All the President’s Motel Rooms . . .


Washington, where you can see the flag that inspired “The Star-Spangled Banner,” a rock brought back from the moon, the Declaration that ignited Independence and the theater box where Lincoln was shot, has a new historic site for visitors.

Not only can you see it, you can sleep in it.

For $129 a night, modest by Washington standards, you can bed down in the newly designated “Watergate Room,” the very place where in 1972 Alfred C. Baldwin III listened to the electronic bugs that Republican operatives had placed in the nearby headquarters of the Democratic National Committee.

Just after midnight, you can look across Virginia Avenue into the darkened windows on the sixth floor of the Watergate Office Building and relive the panic Baldwin must have felt when he saw two plainclothes cops creeping up on five Watergate burglars.


The new owners of what used to be the Howard Johnson’s Motor Lodge have refurbished the place, calling it The Premier Howard Johnson Hotel, and turned Room 723 into a memorial. For the opening last month, a velvet rope was placed across the doorway--just like the one in front of the Oval Office when the president is out of town.

“The Watergate Room,” says a brass plaque. Previously, it was just Room 723, and many guests probably didn’t know that history was made here. On June 17, 1972, the rent was $19 a night.

From that botched burglary a connection was made to Richard Nixon’s reelection committee. Then the White House sought to cover up that involvement. The fallout from that, two years later, caused Nixon to resign--the only American president to do so.

Inside the room are the trappings of the strange spy world G. Gordon Liddy and Howard Hunt created, when these Republican hirelings set out to spy on the Democrats. It is supposed to be reminiscent of the way it looked when Baldwin used the room.

The pizza on the bed is last night’s, the newspapers are from 1996, and the half-full paper cup held a soft drink that was still fizzing. On the wall was a sign, “No-Smoking Room,” which surely the 1972 Room 723 was not.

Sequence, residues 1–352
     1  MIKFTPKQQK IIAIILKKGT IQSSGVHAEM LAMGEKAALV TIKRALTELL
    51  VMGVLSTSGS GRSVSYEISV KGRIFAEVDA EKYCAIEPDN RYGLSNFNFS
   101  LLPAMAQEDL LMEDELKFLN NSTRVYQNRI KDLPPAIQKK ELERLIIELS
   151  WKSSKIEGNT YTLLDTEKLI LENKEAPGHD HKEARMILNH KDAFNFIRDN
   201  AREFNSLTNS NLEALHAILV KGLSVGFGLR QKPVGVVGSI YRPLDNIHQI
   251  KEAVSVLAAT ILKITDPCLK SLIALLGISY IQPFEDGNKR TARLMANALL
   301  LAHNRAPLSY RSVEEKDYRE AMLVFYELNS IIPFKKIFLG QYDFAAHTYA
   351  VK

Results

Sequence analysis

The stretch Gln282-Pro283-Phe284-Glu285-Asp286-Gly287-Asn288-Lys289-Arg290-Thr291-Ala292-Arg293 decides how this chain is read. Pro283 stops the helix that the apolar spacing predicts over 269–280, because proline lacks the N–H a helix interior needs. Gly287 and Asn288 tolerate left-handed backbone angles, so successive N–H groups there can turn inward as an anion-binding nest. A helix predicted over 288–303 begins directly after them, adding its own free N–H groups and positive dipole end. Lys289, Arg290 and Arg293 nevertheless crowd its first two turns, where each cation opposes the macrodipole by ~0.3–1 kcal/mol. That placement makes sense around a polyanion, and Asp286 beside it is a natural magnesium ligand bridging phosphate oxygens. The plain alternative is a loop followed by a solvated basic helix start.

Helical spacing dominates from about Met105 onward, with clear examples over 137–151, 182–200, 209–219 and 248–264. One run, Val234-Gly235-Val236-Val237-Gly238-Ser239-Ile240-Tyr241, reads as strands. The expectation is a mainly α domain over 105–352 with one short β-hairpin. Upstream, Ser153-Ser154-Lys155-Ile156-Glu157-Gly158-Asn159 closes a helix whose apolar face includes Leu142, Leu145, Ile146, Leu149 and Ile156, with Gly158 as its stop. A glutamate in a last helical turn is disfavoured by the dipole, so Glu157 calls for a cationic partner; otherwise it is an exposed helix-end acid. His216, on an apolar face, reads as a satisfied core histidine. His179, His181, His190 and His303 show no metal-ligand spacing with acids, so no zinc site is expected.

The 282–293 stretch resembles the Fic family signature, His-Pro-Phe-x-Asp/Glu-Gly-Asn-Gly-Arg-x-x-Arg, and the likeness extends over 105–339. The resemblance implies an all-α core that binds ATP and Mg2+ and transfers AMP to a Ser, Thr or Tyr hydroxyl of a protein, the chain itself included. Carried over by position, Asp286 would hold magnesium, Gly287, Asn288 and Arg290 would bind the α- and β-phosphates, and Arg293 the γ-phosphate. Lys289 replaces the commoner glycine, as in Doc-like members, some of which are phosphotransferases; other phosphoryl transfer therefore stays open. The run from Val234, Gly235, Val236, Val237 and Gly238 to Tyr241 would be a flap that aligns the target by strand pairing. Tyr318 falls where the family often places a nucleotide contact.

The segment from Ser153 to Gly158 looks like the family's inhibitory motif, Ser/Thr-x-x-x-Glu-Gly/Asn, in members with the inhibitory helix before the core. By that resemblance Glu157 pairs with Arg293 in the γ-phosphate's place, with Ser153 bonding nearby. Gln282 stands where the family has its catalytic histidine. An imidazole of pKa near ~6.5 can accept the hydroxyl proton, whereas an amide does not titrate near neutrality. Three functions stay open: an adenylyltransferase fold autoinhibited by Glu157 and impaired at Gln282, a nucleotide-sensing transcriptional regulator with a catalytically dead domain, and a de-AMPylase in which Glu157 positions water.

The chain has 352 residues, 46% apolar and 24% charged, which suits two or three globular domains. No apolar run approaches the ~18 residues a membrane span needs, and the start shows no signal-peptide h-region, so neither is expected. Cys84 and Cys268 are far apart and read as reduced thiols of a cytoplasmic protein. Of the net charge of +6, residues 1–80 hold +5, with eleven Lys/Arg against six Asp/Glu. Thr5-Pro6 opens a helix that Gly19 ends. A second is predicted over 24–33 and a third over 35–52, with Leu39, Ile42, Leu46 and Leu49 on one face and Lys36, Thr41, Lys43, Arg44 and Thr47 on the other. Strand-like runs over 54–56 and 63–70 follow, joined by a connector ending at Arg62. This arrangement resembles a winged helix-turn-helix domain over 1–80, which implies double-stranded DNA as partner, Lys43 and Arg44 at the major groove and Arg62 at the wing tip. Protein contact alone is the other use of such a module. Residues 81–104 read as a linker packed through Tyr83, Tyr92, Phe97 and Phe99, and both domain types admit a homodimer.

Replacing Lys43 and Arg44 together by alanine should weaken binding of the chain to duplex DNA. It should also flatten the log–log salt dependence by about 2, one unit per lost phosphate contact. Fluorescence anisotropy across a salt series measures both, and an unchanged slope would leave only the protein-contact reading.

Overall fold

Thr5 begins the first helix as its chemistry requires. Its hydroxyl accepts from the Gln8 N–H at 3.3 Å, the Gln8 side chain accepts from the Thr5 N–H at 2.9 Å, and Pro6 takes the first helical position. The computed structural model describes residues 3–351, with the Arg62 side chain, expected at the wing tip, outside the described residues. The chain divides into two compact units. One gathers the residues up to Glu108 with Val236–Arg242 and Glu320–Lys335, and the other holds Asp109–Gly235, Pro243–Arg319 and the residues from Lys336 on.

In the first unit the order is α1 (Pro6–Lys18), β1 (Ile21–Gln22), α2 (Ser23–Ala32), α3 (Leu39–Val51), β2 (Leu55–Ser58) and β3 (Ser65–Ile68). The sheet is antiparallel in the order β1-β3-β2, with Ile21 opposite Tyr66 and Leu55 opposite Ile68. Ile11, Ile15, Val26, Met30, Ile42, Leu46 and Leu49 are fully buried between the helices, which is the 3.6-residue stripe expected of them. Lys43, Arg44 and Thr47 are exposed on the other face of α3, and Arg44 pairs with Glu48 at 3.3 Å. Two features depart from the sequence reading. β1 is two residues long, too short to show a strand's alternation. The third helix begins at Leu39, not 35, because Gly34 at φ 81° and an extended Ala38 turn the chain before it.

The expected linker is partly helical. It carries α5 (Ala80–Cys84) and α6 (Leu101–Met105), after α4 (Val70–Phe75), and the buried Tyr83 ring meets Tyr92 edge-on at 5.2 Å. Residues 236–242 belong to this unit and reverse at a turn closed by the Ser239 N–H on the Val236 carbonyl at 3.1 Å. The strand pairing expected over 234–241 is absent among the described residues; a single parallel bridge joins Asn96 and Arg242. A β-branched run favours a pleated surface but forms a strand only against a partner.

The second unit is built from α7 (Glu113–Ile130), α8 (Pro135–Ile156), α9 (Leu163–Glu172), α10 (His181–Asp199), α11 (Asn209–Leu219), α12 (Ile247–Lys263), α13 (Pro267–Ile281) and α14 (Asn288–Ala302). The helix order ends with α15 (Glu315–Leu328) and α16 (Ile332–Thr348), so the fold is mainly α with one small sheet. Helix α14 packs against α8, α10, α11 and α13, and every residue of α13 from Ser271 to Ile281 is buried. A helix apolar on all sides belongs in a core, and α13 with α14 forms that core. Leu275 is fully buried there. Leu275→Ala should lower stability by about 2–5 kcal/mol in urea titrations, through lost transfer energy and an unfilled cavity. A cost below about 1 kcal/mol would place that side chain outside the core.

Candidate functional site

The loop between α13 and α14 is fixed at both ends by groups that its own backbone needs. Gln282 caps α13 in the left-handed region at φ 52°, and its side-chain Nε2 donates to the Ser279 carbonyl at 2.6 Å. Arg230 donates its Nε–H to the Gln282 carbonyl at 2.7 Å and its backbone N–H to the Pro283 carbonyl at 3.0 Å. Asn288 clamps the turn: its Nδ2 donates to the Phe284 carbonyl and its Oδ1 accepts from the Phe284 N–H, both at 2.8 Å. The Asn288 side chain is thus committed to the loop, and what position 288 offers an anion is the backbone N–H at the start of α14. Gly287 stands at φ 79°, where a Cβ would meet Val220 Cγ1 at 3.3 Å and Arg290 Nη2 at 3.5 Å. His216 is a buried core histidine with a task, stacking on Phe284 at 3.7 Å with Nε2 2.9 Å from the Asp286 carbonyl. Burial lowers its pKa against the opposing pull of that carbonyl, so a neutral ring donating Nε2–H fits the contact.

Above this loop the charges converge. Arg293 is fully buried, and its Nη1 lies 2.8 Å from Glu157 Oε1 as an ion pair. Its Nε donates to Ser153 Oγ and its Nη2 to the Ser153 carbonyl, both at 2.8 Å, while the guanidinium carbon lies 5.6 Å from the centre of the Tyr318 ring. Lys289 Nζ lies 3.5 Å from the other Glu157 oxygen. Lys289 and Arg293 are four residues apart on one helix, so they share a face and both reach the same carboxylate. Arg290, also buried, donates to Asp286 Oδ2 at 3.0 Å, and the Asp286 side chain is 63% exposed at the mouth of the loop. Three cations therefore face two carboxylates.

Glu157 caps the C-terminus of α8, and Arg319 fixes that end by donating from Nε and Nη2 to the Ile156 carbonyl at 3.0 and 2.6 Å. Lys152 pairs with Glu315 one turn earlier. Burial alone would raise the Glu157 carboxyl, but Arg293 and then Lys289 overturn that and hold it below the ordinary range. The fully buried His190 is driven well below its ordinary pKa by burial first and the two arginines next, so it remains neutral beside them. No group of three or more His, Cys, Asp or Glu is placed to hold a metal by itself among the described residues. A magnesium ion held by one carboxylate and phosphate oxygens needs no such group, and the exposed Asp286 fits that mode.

Framed on the wall are reproductions of newspaper pages, the most prominent headline saying, “Nixon Resigns.” The occupants will have videotapes telling about Watergate and a shelf of books for historical reading, including a child’s book called “What Happened in Watergate.”

Liddy and Hunt had installed Baldwin in the room to eavesdrop and to take down what he heard on a typewriter. That night they supervised from a room in the Watergate Hotel next to the office building, awaiting word of what the burglars were doing. Baldwin was giving a blow-by-blow description from across the street.

“Just after 2 a.m. there was a transmission over the radio: ‘There’s flashlights on the eighth floor,’ ” Liddy recalled in his autobiography. A little later, Baldwin radioed that the flashlight carriers were on the seventh floor.

“Hey,” said Baldwin. “Any of our guys wearing hippie clothes?”

“It was only then that Hunt and I realized that something was very wrong,” Liddy wrote.

A moment later: “They’re on the sixth floor now. Four or five guys. One’s got on a cowboy hat; one’s got on a sweatshirt. It looks like--guns! It’s trouble!”

And the rest is history.